After the first round of games at the World Cup, an all too familiar script looked to be playing out for African football fans. Five games played, three losses, two draws and only Ghana putting the ball in the back of the net in a defeat by Portugal.
Another disappointing tournament appeared to be looming for the continent that Brazil soccer great and three-time winner Pelé once declared would “win the World Cup before the year 2000.”
That quote came off the back of Zaire’s humiliating World Cup group stage performance which included a 9-0 defeat by Yugoslavia in the 1974 tournament. Zaire was the first sub-Saharan nation to participate at the World Cup.
However, as Qatar 2022 draws to a close, the outlook looks very different.
Every single team from the continent went on to win a game in its group for the first time in history, two teams made it out of the group stages – a joint record – and Morocco will become the first African team to play in a World Cup semifinal.
Playing a ‘home’ tournament
Against the backdrop of a tournament that seems increasingly defined by global politics and corporations, African countries have provided passion at Qatar 2022 and delivered plenty of pride for their nations.
The incredible skill and color of Senegal’s famous 12eme Gainde supporter group never failed to grab the attention of TV broadcast directors, while the contingent of fans from Ghana and Cameroon brought a rhythmic soundscape akin to a stirring cinematic soundtrack whenever those two teams played.
But even the sub-Saharan countries haven’t been able to quite match the cacophony that Moroccan and Tunisian fans have brought to this World Cup – every clearance met with vociferous cheers, every opposition touch relentlessly booed and whistled.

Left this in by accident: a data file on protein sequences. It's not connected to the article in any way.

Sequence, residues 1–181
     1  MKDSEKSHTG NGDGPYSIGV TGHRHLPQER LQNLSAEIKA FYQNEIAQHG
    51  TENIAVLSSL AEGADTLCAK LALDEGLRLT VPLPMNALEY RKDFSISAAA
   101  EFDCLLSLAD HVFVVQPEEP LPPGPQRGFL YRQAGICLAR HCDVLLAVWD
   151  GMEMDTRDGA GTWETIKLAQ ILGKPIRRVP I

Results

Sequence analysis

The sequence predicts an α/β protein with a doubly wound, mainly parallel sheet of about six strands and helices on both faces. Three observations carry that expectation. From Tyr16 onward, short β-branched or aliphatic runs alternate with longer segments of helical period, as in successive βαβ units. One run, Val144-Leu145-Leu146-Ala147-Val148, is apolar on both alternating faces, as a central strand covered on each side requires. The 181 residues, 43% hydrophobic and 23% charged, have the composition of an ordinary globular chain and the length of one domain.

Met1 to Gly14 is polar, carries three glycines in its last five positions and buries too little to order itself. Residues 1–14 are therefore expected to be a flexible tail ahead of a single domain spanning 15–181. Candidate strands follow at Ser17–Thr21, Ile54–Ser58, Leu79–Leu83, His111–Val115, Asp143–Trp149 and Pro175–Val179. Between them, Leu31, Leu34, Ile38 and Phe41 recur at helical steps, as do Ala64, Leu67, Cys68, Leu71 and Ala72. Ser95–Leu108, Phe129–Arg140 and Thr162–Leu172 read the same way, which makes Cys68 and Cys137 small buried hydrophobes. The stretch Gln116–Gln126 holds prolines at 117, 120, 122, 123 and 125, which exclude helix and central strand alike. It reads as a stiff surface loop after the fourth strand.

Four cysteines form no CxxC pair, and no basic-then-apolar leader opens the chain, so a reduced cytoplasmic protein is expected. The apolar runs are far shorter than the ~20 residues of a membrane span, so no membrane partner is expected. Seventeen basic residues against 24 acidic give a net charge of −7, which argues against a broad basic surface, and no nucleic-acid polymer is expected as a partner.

None of this would have been possible if the World Cup hadn’t been hosted by Qatar.
Doha has long been not only a hub of travel in Asia, but also in Africa. So much so that travel for most fans has been easier to Doha than it was in 2010 when the tournament was on African soil.
A Google search shows that flying from Douala to Doha is cheaper than to Johannesburg. The cheapest route from Casablanca to Johannesburg is to fly through Doha.
But not only is this the most affordable World Cup for Africans, it is also the most accessible.
Qatar has made getting a visa easier to fans from Africa than any other World Cup host says Francis Nkwain, a Cameroonian football expert and media executive.
“Hoops we [Africans] have to go through as a people to access into other parts of the world is very under reported,” Nkwain told CNN Sport.
“[Getting visas] was a big challenge with Russia. It was a very big challenge for Brazil [in 2014].”
That accessibility cannot be underestimated in helping turn neutral matches into “home” matches, particularly for the North African countries, who can count on support from across Africa and the Arab world, something that Morocco’s head coach Walid Regragui has been quick to acknowledge.
“Before it was just the Moroccans who supported us,” he said ahead of the victory over Spain. “Now it is the Africans and Arabs.”
It is no coincidence that African nations have performed the best at this World Cup since the tournament was hosted in South Africa, responding to their supporters’ pride and passion.
No more ‘plumbers’
For decades, Africa has produced some of the best players to grace the beautiful game, but that hasn’t always been the case for the continent’s coaches.
A lack of infrastructure for the development of coaches, coupled with next to no opportunities afforded to them at the highest level, has meant historically African nations have more often than not been led by European managers.
In African footballing circles, these coaches are often referred to – less than flatteringly – as “plumbers.”
But the trend of African nations employing foreign managers is changing.
It’s a development that Belgian coach Tom Saintfiet, who earlier this year coached a debutant Gambian side to a quarterfinal finish at the Africa Cup of Nations, says is to be celebrated.
“The biggest advantage is now that African teams did not choose the expensive big name coaches,” Saintfiet told CNN Sport.
“I think that was a huge mistake from the past where in 2010 … coaches like [Lars] Lagerbäck and Sven-Göran Eriksson … came to Africa without any experience in African football.”
For the first time in history, all five of the African countries at the World Cup were coached by home nationals and all enjoyed some success to varying degrees.